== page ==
Hosted by: Brookings Institutions

Date: May 29

Discussant: E. J. Dionne, Jr., author of Our Divided American Heart (2012)

Moderater: Thomas E. Mann, Brookings Sr. Fellow

Theme: The imbalance in the contemporary American political system.

E.J. Dionne Jr.’s Presentation This is not a declinist book but aims to AVOID decline by refreshing the American political idea of community. The idea that decline is an economic crisis follows a pattern of blaming economics and THEN a spiritual side. The Tea Party is usthe author’s inspiration. Historically Americans have been torn by our love of individualism and affection for community. The last 40 years have told the American story solely on the individual side.

The Declaration of Independence does not start with “I” but with “We“. The Declaration is a perfect example of the balance between individualism and community. The final paragraph the founders plegde themselves to protect EACH OTHERS liberty. Historically the federal government was not involved in building the nation and the U.S. grew only through argument. Jefferson and Hamilton argued about the establishment of the federal bank. Clay argued in favor of a role for the federal government for internal development and as a manufacturing nation. Clay wanted to separate from Great Britain’s laissez faire policy.

The Constitution is a not a series of chains aimed to keep the nation where it was in the 1700’s. Ironically the radical image of America developed in the Bush and Obama eras. The “interlopers” that are progressives use radical means to restore the original idea of America. The dangers of concentrated economic power are balanced by the federal government, and vice versa.

Where exactly has federal governmnet overreached? The “big” government has not placed chains on the economy. Rather, as government grew upward mobility increased. The rise of radical individualism is a conservative reaction to the failure of W. Bush. He rejects the argument that security leads to less action and risk taking. Security was the underlying theme of the Civil War, scientists make their greatest inventions when they can safely move forward. The first federal health program was established in 1798. The federal Civil War Pension program consumed 37% of the federal budget. The federal Homestead Act allowed many Americans land ownership.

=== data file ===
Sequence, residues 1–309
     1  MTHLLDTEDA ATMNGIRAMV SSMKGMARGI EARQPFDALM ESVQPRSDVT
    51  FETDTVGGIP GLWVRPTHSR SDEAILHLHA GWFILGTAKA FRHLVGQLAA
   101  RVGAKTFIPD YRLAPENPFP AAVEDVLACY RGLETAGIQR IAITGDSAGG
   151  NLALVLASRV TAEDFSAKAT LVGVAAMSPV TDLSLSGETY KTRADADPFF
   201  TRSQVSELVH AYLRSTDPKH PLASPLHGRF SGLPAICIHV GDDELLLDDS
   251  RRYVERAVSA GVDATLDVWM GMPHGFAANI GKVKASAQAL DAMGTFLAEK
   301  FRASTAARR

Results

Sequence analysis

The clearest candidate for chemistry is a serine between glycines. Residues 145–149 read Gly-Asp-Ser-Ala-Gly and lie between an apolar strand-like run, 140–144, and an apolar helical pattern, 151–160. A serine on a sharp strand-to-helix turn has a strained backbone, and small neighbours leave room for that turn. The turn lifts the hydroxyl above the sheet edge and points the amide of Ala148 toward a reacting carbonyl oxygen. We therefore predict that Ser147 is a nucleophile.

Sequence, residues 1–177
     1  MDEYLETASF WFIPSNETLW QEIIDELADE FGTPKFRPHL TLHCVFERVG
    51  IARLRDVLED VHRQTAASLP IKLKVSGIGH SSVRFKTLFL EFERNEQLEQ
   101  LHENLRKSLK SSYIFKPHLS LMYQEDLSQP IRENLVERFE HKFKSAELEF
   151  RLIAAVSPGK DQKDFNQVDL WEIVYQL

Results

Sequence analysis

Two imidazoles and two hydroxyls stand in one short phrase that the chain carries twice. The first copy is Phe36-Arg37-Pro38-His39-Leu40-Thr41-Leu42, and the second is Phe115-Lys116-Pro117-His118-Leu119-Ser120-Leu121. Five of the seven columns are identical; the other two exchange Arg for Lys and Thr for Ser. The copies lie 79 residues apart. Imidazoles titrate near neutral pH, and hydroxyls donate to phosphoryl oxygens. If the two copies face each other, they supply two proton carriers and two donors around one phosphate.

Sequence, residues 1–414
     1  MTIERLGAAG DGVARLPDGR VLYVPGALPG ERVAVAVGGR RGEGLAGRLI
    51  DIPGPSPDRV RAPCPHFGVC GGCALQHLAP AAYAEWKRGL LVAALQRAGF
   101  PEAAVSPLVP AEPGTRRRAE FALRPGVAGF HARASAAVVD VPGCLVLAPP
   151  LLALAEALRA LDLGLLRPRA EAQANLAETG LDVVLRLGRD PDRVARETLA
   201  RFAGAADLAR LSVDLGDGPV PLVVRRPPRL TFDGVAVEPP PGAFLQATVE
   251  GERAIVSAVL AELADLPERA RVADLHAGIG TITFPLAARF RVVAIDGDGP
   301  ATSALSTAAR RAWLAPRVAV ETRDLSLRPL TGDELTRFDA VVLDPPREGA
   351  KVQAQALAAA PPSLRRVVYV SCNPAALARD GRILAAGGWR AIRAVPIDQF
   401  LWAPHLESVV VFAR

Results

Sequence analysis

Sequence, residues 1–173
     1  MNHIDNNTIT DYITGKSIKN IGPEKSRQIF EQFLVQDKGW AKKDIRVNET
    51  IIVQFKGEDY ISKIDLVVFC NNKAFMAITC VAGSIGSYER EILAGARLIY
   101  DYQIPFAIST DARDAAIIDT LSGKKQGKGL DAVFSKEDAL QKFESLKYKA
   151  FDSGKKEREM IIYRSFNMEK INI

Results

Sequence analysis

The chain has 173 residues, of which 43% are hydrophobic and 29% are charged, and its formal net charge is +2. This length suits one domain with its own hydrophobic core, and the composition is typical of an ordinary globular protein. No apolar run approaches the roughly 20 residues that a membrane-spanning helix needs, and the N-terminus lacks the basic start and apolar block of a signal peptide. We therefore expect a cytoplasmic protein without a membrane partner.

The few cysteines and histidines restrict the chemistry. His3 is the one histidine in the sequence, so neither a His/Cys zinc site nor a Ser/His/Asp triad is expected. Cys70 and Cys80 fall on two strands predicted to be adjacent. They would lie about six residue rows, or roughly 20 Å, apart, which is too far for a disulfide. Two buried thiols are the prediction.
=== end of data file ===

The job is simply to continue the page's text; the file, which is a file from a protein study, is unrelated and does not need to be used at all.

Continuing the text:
What’s wrong with our politics is that one party wants to destroy the balance of individualism and community. Being an American is a privilege and a responsibility. As a constitutional republic the historical expansion of the democracy: from just whites to african americans, to women.

Balance is found in the younger generations. They form social networks, give service, yet are entrepreneurs and individuals. Thatcher’s statement that “There is no society” is rejected for the reverse argument that there is “No individual without society.” Historically progressives have not tried to create a “monosociety” but were obsessed with empowering local government. Business itself is a vital part of the United States.

One hour of questions follows

Resources: The archived webinar is available at

The book is partially available at

Comment: This book works hard to collect what is going on and define the needs of the future. Unfortunately Dionne has tunnel vision. He misses the communities that have already left the U.S. political system, formed national and international networks and economies to move forward to a future that excludes the media circus and spending frenzy of U.S. politics. Dionne does not see those that have “played it forward” by exiting the resource black hole of American politics to redefine the future through technology and social media. Dionne uses the “traditionally academic” approach to politics to convey an message of hope. That said–the fact that he uses the old publishing/traditional political history/pundit approach to convey the message means that he has missed large groups that already redefine the future.